Despite his disorientation and the swirling grotesquerie around him, a childlike delight builds up inside Alexi. “Rabbit?” 

“In the warm, nubile flesh!” She bounces on her heels, then flicks one of her ears like she’s slapping away a fly. 

“What … how…” His mind skips several tracks. “—Where did you get those shoes?”

“The internet, where else? And what about you? Your fashion sense has really gone down the shitter since I’ve been gone.”

Since it’s the middle of the night and he’s just woken up to a home invasion, Alexi finds that a little unfair.

“Why don’t you dress up like you used to?”

“Because,” Alexi says very slowly, and his voice trembles like an acrobat on a beam. “I’m a boy.”

“And I’m a dead rabbit,” Rabbit says, spinning on her heel. “But I don’t let it cramp my style.”


* * *


Alexi has never had a hangover before, but the next morning he is wrung out like a damp towel. His memory hurts and there are holes in his head (possibly the other way around) and by the time he gets to school his muscles are trembling and he can’t remember half of what happened the night before. It had all made so much sense when it was happening, but now he can’t conjure it into anything plausible.

Seeing Rabbit in homeroom doesn’t make it any better.

That was a dream, he tells himself. You just dreamed your imaginary rabbit friend into the body of an awkward girl at school. But when she sees him, the girl gives him a fluttering wink that reminds him of an ear flicked his way and says, “Hippity hop.” And when he sits down next to her, it isn’t like making a new friend. It’s like greeting an old one.

Alexi has the dream again two nights later, except this time Rabbit is nowhere to be found. The only unoccupied stool is beside a boy in a suit and hat and paisley tie. He holds his weight on his forearms, hunched over a glass of something sludgy and grey. A gravel smoothie. When Alexi sits down, the bartender puts a coaster in front of him. It has DRINK ME printed in bold white letters.

“What’s in that?” Alexi asks, pointing to the glass.

The boy tips his head back when he drinks, tapping the glass with the tips of his fingers. He has a beautiful throat. and long hands. “Two parts resignation, one part despair, with a twist of total bullshit.” He grimaces at Alexi. “The Cocktail of Life.”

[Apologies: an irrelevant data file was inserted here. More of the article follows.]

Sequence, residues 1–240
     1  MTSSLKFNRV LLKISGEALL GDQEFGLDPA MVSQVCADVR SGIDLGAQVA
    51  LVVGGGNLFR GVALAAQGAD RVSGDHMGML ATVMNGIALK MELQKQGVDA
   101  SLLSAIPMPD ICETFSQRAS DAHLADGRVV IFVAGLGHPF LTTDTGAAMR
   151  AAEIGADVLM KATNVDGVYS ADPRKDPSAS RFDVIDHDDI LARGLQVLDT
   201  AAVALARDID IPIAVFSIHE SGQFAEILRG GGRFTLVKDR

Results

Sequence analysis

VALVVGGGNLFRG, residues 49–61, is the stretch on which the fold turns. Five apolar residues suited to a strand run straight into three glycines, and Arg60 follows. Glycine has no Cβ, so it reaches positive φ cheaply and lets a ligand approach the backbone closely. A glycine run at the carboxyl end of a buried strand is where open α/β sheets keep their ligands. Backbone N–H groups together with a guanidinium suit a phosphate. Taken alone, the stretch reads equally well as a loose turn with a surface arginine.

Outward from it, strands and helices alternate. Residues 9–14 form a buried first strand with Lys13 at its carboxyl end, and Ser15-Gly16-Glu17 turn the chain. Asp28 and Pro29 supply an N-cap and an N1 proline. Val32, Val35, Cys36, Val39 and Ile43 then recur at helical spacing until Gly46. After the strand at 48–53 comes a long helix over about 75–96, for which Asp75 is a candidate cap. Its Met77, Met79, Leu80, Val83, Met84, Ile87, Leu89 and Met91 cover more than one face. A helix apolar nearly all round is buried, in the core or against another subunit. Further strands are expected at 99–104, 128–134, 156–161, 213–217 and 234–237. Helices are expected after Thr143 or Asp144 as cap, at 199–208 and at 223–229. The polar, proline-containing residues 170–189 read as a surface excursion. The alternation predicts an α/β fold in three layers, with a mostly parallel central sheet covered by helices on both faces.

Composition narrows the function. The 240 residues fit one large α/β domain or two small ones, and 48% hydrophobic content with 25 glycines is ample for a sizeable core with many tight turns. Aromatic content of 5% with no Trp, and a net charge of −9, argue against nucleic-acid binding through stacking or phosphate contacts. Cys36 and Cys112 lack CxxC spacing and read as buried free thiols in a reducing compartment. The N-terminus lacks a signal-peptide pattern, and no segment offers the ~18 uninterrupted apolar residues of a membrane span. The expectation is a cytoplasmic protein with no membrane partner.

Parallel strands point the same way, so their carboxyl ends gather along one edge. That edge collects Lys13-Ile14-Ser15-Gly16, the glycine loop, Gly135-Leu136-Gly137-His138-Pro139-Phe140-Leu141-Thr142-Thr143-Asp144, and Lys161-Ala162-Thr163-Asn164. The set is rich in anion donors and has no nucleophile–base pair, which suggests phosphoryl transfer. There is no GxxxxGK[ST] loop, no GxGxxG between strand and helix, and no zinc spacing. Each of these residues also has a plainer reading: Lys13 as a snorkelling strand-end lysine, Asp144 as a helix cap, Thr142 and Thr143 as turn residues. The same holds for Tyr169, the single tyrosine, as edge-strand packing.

This guy doesn’t seem normal, exactly, but he’s more normal than anyone else here, so Alexi asks, “Do you know what this place is?”

“Haven’t figured out the theme yet? It’s Wonderland.” He wriggles his fingers. “Anything’s possible here.” His laugh is deeply scornful. “Or that’s what they told me. Mostly, people just come here to drink and dance. Whatever.” He takes another sip of gravel. “You can do anything you want, but no one knows what they want.”

“I do,” Alexi says.

“Seriously? Do you really?”

Alexi finds he can’t meet the boy’s gaze. “Sort of.”

“Right. No one does, and even when they do, they’re too chickenshit to get it.”

Alexi points to the boy’s drink. “Hence the resignation?”

A crash explodes through the café, a hundred mirrors shattering at once, screams of pain and a laugh that rolls like thunder.

“Jesus.” The boy drops his drink. “Not again.”

“What’s happening—?”


He grabs Alexi by the sleeve and yanks them both across the bar, sending a wave of half-empty shot glasses and resignation splattering around them. They hit the floor and Alexi bangs his elbow. The boy sprawls half in his lap. His body is unbelievably warm.

A reedy, grating voice cuts through the screams. “We know there’s a fresh one here! Maybe two! Tell us where they are, and nobody gets hurt!” A thud and a yell; clearly people are going to get hurt regardless. “Do you think we’re joking? Where is Alice?”

Alexi and the boy go rigid, like they are connected to the same strings that have just been yanked.

“You’re an Alice, aren’t you?” Alexi whispers. “Like me.” 

“Everyone here is an Alice. Or used to be.” The boy’s heart pounds; Alexi can feel it inside him. 

“They find you eventually, and when they’re done with you, you’re all—.” He lifts a limp hand to wave it in front of his face. “Screwed up. I always hide, so they haven’t gotten me yet.”